16. An agent for determining the effectiveness of a cancer treatment with an FGFR2 inhibitor by the method according to claim 15, the agent comprising a polynucleotide or polynucleotides as set forth below in any one of (a) to (c), the polynucleotide or polynucleotides having a chain length of at least 15 nucleotides, or an antibody as set forth below in (d): (a) a polynucleotide or polynucleotides that are at least one probe selected from the group consisting of a probe that hybridizes to a polynucleotide encoding FGFR2 protein and a probe that hybridizes to a polynucleotide encoding the second protein; (b) a polynucleotide that is a probe that hybridizes to a point of fusion between a polynucleotide encoding FGFR2 protein and a polynucleotide encoding the second protein; (c) polynucleotides that are a pair of primers designed to sandwich a point of fusion between a polynucleotide encoding FGFR2 protein and a polynucleotide encoding the second protein; and (d) an antibody that binds to a polypeptide in which FGFR2 protein and the second protein are fused together.

17. A method for treatment of cancer, comprising the step of administering an FGFR2 inhibitor to a patient in whom a cancer treatment with the FGFR2 inhibitor has been determined to be highly effective by the method according to claim 15.

18. A therapeutic agent for cancer, comprising an FGFR2 inhibitor as an active ingredient, the agent which is to be administered to a patient in whom a cancer treatment with the FGFR2 inhibitor has been determined to be highly effective by the method according to claim 15.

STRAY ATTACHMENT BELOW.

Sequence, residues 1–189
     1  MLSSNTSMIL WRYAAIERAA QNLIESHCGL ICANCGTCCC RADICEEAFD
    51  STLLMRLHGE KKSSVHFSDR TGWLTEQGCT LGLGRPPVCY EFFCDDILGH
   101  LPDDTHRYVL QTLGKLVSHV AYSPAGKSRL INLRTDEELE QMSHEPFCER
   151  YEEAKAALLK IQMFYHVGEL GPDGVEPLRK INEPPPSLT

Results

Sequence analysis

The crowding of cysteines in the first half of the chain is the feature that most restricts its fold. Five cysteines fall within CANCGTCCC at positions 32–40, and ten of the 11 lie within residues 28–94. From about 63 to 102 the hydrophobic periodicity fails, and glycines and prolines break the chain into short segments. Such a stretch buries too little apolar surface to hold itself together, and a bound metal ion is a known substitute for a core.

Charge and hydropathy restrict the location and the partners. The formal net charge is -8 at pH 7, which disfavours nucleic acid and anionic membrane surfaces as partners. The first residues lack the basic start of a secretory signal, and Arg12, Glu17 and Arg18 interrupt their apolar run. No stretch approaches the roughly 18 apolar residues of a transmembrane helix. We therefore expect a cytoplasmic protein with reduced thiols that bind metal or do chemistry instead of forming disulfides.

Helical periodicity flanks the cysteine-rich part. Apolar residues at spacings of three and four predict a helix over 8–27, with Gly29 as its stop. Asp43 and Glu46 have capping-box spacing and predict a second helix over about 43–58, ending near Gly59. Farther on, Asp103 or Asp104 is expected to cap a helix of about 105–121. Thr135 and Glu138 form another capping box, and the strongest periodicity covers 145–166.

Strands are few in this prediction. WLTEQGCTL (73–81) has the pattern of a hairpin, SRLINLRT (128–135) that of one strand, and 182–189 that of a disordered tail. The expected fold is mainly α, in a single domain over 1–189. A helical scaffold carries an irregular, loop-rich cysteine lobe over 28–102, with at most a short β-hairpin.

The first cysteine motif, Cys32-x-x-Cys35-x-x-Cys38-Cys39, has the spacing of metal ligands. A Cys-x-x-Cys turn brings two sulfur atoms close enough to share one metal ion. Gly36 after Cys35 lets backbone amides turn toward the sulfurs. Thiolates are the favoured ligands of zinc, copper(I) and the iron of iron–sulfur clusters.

Description:

TECHNICAL FIELD

The present invention relates to FGFR2 fusion genes, and more particularly to polynucleotides encoding fusion polypeptides between FGFR2 protein and other protein, polypeptides encoded by said polynucleotides, and a method for detecting said polynucleotides or polypeptides. This invention also relates to a method for determining the effectiveness of cancer treatments with an FGFR2 inhibitor targeting said polynucleotides or polypeptides. This invention further relates to a method for cancer treatment using said effectiveness determination. Furthermore, this invention relates to agents for use in these methods.

BACKGROUND ART

Biliary tract cancer is a very invasive cancer arising from biliary epithelial cells of intrahepatic biliary tracts (for intrahepatic biliary cancer) and extrahepatic biliary tracts (for extrahepatic biliary cancer). The frequency of this cancer is high mainly in East Asia, but has in recent years been increasing throughout the world including in Europe and the United States. Because of lack of clinical symptoms in the early stage of development, this cancer would in many cases be discovered in advanced stages, and its prognosis is poor. Surgical resection is the only procedure for achieving complete cure, but this cancer has a high rate of recurrence—the 5-year survival rate of operable biliary tract cancer patients is in the range of 15 to 25%. There has not yet been known any chemotherapy that achieves an apparent complete response in inoperable or recurrent patients. However, it has recently been reported that the use of gemcitabine hydrochloride alone or in combination with a platinating agent yields a somewhat more positive outcome than other chemotherapies. Accordingly, there has been a strong need for a new effective therapy for biliary tract cancer, including molecular targeted therapies, and various candidates for the molecular target have heretofore been reported, including EGFR, VEGFR and c-MET.

As driver mutations for biliary tract cancer, KRAS and BRAF mutations have been reported, and the GOPC-ROS1 fusion which had been identified in a brain tumor as a tyrosine kinase fusion gene was also recently reported in biliary tract cancer. No driver mutation has still been identified in patients with no such alterations.